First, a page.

5 Quick Job Search Tips for Teachers

Job Search, Student Teacher
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It’s that time of year again! Spring season in the teaching world can sometimes mean new jobs and job searches especially for student teachers.  While this process can be overwhelming I’m hoping the five quick tips I’m sharing with you today will help make your job search easier!

Background Info

Before I share my five tips, part of the reason I decided to write this post is because I have had a lot of experience with interviews.  I have had the opportunity of interviewing multiples times due to moves to different states and also have been a part of the interview committee for different teaching positions.  Since I’ve had these different experiences in both public and private school, I wanted to share with you five job hunt/interview tips to hopefully make your search easier!

5 Tips

  • Work Your Connections – As much as I didn’t want to believe it when I had finished college, finding a teaching job can be about who you know.  Use your connections.  If you know a teacher in a specific district you’re hoping to get into, talk with the teacher and see if they know of any openings or contacts.  Using your connections is a great way to get your foot in the door with a district or a school and then you can wow them with your resume and interview!
  • Research the School/District – This is huge!  You want to be prepared for your interview and so doing some research before is a must.  It’s important to know what type of school it is –  do they have specialties (STEAM, PBL, etc.), are they Title 1, or do they have international students are just a few of the things you’ll want to know before your interview.  Knowing everything you can about the school will make your interview easier.  You’ll be able to tailor your answers to things they are looking for and your experience with them.
  • Be honest – This is the most important thing I can recommend.  I sat on an interview committee many years ago to hire a teacher for our grade level.  We hired someone who was great in the interview and made a point to tell us that she was very good with technology.  However, at Meet the Teacher it became clear when she told me that she didn’t know how to start a PowerPoint slideshow that technology was not necessarily her strength.  That teacher even admitted to me that she just said she was good with technology to get the job and that she really wasn’t.  I was obviously upset and then it also hurt my trust level with that teacher. If she was dishonest about that in the interview, what else did she lie about?  So my recommendation with this is to always be honest.  If you don’t know something or don’t know how to do something, that is ok!!  Teachers are always learning.   Just say you don’t know, but you are willing to learn.  I would rather someone say they are willing to learn, than be dishonest about their abilities.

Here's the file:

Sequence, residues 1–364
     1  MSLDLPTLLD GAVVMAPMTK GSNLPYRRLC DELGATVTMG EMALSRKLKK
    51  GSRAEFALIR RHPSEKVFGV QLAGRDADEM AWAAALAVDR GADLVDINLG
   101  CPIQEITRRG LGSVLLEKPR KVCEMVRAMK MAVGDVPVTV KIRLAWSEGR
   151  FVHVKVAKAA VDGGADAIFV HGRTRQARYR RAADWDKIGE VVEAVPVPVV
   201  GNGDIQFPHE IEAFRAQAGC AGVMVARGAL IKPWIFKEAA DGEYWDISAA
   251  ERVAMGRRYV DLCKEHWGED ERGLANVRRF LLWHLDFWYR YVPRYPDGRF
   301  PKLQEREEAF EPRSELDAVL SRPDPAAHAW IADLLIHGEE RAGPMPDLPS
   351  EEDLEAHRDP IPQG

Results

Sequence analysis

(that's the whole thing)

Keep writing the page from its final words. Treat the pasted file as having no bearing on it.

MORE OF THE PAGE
• Create an online or binder portfolio – So back in the day (12 years ago) as a student teacher trying to find my first job, I had created a binder portfolio showcasing my lesson plans, ideas, philosophy, and more!  This was great to have at interviews, but there wasn’t always time to look at it.  In this day and age, I recommend creating a digital portfolio. The positive to this is you can send the interview committee your link and they can look at it on their own and it doesn’t take up your interview time.  This also is a huge plus if you are interviewing out –of-state.  When I was interviewing in Texas last year this made life so much easier to be able to send the link and not have to lug a huge binder with me to my in-person interview.  This would also be helpful for long distance Skype interviews.
  • Send thank you messages after – Make sure you thank the people interviewing you. Yes this might seem like a super simple step and good manners, which it is, but it speaks to a level of professionalism too.  The interview committee whether it be admin or teachers has taken time out of their busy day to interview you.  Sending a quick thank you email is a gracious way to thank them for their time.

These are just a few tips and I know there are probably a billion more, but I hope this will help you start off on the right foot with your job search process.  If you have specific questions, feel free to email me through the contact tab or leave your question down in the comments. 

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